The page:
Can I make vagina yoghurt from a healthy friend or relative?

If you can find a healthy vagina belonging to a willing donor, it’s really worth creating a whole new batch of only vaginal secretions to see how potent it is before using it, then adding it into a vaginal treatment mix. If we can do faecal transplants, we can do vaginal secretion transplants.      

Who makes a good donor?
A close female relative (sister, mother) is ideal, since our natural microbiota is passed down to us from our mothers, however if your mother is postmenopausal, this is not likely to work that well, since her low oestrogen levels mean her vagina is not going to be flush with good bacteria.

Check out lactobacilli and vaginas around the world to see what vaginal microbiota your ethnic group normally has. Using someone of the same ethnicity would also be useful, even if you were both born and raised away from your family’s way-back-when area of origin. Our microbiota will be tweaked slightly, and naturally, over many generations, but generally, it will be what your mother gave you, and what her mother gave her, and so on.

This would keep it as close to what you would normally have as possible, but if you didn’t have a healthy related donor handy, any healthy vagina would be acceptable. They generally have the same components.

Interesting science note: We get our mother’s vaginal secretions up our noses and throats and vaginas on the way out, and if delivered by C-section, you can add those good bacteria to your baby’s system by putting your vaginal secretions onto the nipple during feeds. This helps develop their immune system. If you have an unhealthy vagina when you deliver your baby, you can put probiotic capsule contents onto your nipple too. It works much the same way.

Milk or yoghurt?
Stick with the plain milk at first so you could see how potent the vaginal secretions are (yes, this is hilarious!) and establish how long it takes to ferment, how much milk do you need, etc., which may take several days to figure out.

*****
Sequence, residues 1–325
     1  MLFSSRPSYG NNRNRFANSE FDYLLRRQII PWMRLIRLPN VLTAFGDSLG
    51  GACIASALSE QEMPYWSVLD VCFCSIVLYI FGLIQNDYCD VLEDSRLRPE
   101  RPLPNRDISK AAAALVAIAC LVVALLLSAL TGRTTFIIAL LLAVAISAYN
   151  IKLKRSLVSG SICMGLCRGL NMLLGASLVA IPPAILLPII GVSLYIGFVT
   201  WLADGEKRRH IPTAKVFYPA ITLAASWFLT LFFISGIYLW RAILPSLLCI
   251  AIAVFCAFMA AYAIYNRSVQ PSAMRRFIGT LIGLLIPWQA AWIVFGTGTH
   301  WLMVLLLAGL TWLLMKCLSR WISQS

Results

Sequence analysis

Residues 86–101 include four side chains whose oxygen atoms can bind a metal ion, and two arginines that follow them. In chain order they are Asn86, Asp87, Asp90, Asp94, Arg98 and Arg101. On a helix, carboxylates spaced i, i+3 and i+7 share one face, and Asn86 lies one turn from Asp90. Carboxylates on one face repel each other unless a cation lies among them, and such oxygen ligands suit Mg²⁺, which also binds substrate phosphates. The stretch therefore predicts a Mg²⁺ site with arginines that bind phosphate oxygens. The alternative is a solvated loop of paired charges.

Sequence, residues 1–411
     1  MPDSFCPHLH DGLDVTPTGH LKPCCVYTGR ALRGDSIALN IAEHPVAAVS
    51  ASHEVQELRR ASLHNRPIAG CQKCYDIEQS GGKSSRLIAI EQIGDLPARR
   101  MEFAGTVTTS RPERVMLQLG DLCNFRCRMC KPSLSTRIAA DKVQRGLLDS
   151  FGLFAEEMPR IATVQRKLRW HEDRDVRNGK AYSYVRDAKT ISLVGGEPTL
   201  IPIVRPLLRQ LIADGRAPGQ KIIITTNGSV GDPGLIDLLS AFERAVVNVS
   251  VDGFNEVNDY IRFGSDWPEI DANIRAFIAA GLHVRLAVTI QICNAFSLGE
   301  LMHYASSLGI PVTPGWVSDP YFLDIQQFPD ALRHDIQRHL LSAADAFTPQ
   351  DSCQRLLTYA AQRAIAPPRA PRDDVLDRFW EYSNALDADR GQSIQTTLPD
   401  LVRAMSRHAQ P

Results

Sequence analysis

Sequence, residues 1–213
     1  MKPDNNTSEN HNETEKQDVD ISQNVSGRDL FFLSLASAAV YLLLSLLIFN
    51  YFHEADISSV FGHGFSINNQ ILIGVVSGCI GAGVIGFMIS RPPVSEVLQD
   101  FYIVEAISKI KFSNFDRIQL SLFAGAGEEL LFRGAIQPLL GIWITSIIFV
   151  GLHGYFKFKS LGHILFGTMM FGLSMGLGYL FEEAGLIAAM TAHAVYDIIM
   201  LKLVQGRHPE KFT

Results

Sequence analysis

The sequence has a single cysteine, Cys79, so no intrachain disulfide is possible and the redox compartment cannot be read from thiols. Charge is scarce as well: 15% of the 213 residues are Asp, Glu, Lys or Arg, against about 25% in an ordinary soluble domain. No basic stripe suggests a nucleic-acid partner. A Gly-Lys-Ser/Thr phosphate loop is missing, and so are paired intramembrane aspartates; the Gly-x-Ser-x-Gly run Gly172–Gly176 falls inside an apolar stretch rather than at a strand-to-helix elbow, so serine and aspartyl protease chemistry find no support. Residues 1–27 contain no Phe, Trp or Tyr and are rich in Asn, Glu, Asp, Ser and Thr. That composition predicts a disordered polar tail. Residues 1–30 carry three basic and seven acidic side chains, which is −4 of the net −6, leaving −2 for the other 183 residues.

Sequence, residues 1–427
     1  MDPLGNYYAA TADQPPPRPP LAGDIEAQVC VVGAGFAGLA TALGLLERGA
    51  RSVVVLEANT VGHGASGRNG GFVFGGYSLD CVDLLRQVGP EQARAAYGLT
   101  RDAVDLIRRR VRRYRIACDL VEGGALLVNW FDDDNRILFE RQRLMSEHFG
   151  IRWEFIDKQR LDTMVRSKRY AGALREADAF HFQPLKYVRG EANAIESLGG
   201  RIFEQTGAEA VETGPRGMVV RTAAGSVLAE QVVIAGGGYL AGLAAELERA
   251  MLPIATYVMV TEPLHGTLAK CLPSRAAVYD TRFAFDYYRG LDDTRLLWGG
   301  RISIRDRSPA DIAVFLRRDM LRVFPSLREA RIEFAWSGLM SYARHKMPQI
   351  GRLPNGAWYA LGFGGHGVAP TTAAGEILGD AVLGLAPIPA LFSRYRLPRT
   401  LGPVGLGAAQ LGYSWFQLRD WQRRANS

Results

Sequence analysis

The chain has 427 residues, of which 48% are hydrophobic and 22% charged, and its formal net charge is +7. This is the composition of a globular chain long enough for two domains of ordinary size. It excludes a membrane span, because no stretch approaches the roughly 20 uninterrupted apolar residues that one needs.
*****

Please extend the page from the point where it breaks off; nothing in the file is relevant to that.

Set yourself up for a week or so by making a thick, creamy, sour batch (yes you will need to taste it!) and then just adding more milk every day to feed the bacteria, and taking some out to use – you’ll figure it out – milk in, vag yoghurt out, leaving the base ferment brewing happily all the time, like a pot of soup.

Here is how to take care of your milk kefir (or vag yoghurt, whatever the case may be).

Once you figure your vagina yoghurt is as good as, or better than, your regular kefir, go about the treatment as you would the kefir, adding in any extras you wish like the boric acid and garlic, to maximise the treatment, which you will want to sustain, so don’t let the ferment dry up or die off.

How to harvest and ferment the vaginal secretions
Ask your kind donor to contribute to lady science and get a teaspoon full of mid-cycle vaginal secretions for you (before or after ovulation is best), but you can get her to put it straight into probably about a third of a cup of milk, stir well, then leave in a warm spot overnight and see what it looks like in the morning. Expect it to be a bit creamier, but take a few days to get thicker, with some more milk added where necessary to feed the bacteria.
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WARNING: introducing foreign bacteria into your vagina from an unknown source can be a bad idea due to the natural flora of someone else being different to yours. This means that bacteria their body may normally tolerate – but yours doesn’t – could be introduced. You could also catch STIs like this! Be careful, and choose your donor carefully if you want to use this method.  



Original price was: USD $9.99.Current price is: USD $0.00. ex GST/VAT/TAX
Original price was: USD $9.95.Current price is: USD $0.00. ex GST/VAT/TAX
Jessica Lloyd - Vulvovaginal Specialist Naturopathic Practitioner, BHSc(N)

Jessica is a degree-qualified naturopath (BHSc) specialising in vulvovaginal health and disease, based in Melbourne, Australia.

Jessica is the owner and lead naturopath of My Vagina, and is a member of the:

  • International Society for the Study of Vulvovaginal Disease (ISSVD)
  • International Society for the Study of Women's Sexual Health (ISSWSH)
  • National Vulvodynia Association (NVA) Australia
  • New Zealand Vulvovaginal Society (ANZVS)
  • Australian Traditional Medicine Society (ATMS)
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